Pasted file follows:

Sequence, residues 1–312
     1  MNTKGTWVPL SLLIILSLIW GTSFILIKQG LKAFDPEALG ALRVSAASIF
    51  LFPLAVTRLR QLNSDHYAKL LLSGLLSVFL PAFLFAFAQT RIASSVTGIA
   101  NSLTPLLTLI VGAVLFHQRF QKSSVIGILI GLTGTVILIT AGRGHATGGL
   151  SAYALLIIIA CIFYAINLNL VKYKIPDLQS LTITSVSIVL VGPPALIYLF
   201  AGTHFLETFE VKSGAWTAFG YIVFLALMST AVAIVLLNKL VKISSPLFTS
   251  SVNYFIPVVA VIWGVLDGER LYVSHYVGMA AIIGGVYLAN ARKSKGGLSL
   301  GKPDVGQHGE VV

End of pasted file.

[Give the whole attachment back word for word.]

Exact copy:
Sequence, residues 1–312
     1  MNTKGTWVPL SLLIILSLIW GTSFILIKQG LKAFDPEALG ALRVSAASIF
    51  LFPLAVTRLR QLNSDHYAKL LLSGLLSVFL PAFLFAFAQT RIASSVTGIA
   101  NSLTPLLTLI VGAVLFHQRF QKSSVIGILI GLTGTVILIT AGRGHATGGL
   151  SAYALLIIIA CIFYAINLNL VKYKIPDLQS LTITSVSIVL VGPPALIYLF
   201  AGTHFLETFE VKSGAWTAFG YIVFLALMST AVAIVLLNKL VKISSPLFTS
   251  SVNYFIPVVA VIWGVLDGER LYVSHYVGMA AIIGGVYLAN ARKSKGGLSL
   301  GKPDVGQHGE VV